Finally, Pizza House will soon have a new entryway for their enlarged building:

Thursday, June 07, 2007



Scarabs are stones that the ancient Egyptians carved to look like a particular kind of beetle, also called the scarab beetle. Some Egyptian stone scarabs were big and some were very small.

The Egyptians wore and used scarab-shaped amulets to bring good luck. On the flat underside of a scarab the Egyptians wrote various things about the person who was to wear it or the type of luck it would bring. I found this picture showing both sides of an ancient scarab amulet.

Miriam and Alice have a book about projects to do to learn about ancient Egypt. The book told how to make scarabs, and Miriam and Alice made a scarab out of Playdough.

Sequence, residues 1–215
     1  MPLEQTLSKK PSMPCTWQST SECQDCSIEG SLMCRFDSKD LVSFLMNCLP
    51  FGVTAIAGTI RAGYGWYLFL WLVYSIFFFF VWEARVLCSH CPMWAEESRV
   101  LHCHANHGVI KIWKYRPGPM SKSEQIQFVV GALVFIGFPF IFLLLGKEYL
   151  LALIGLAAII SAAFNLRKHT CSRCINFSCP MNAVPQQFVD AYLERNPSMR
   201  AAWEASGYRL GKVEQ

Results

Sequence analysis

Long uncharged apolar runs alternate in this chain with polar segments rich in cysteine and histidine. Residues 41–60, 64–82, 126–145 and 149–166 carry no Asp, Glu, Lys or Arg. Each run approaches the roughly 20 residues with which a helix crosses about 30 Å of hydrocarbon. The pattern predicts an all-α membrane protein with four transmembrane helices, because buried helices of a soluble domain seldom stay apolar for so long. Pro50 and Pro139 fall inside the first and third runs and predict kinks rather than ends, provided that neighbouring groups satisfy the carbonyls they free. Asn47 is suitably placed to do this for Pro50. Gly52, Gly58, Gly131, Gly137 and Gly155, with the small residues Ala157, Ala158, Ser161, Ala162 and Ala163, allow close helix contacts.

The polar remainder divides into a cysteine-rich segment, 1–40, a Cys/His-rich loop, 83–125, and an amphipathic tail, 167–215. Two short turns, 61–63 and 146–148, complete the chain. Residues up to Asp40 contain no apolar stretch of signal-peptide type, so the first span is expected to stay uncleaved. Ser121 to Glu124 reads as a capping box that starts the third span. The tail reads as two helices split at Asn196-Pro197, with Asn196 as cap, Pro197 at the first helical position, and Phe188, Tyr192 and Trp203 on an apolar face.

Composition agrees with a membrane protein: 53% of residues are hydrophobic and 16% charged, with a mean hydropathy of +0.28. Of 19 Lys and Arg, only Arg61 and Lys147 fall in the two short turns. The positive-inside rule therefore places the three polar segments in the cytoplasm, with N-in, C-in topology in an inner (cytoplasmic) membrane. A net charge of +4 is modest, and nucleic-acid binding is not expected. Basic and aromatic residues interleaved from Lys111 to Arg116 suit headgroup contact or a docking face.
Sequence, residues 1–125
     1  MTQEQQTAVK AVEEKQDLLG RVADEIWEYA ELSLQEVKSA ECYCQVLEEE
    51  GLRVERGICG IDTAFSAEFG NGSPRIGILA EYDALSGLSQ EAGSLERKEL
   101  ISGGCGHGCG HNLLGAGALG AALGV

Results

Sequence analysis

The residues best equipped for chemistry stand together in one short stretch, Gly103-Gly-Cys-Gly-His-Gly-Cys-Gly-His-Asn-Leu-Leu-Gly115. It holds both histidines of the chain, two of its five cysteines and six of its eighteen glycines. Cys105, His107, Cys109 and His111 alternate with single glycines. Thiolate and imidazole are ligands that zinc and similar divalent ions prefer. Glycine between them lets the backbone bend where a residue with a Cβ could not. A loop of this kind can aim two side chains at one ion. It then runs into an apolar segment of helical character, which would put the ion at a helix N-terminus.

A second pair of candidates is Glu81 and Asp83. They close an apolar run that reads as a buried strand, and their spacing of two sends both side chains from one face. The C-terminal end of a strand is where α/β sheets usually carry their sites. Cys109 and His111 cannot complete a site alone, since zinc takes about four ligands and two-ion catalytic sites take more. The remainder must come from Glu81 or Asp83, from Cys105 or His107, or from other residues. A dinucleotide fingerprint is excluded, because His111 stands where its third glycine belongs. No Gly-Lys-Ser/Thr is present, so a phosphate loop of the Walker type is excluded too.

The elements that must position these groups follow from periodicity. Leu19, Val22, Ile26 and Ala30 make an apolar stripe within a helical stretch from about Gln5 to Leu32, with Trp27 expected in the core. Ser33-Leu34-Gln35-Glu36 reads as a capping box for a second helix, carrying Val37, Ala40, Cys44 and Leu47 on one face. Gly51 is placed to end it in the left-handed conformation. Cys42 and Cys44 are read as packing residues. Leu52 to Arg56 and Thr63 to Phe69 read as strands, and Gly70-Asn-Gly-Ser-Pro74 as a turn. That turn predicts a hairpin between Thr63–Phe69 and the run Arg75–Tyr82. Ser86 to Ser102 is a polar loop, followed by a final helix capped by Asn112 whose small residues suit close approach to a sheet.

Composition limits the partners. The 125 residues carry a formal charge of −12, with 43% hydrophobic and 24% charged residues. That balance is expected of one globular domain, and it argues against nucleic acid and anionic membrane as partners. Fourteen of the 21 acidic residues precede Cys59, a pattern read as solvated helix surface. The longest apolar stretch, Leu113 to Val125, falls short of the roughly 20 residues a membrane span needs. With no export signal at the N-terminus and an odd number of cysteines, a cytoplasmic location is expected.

Wednesday, June 06, 2007


Mummy Case

Here is a photo of the whole mummy case inside of its plexiglass protection in the Kelsey Museum.


Ancient Egypt in Ann Arbor

In a big museum like the Smithsonian in Washington, DC, you can see a lot of Egyptian mummy cases, statues of people, cats, and other animals; toys, jars, papayrus scrolls and stone tablets with writing, and many other things. Some museums even show real mummies with their wrappings, just as they were buried thousands of years ago.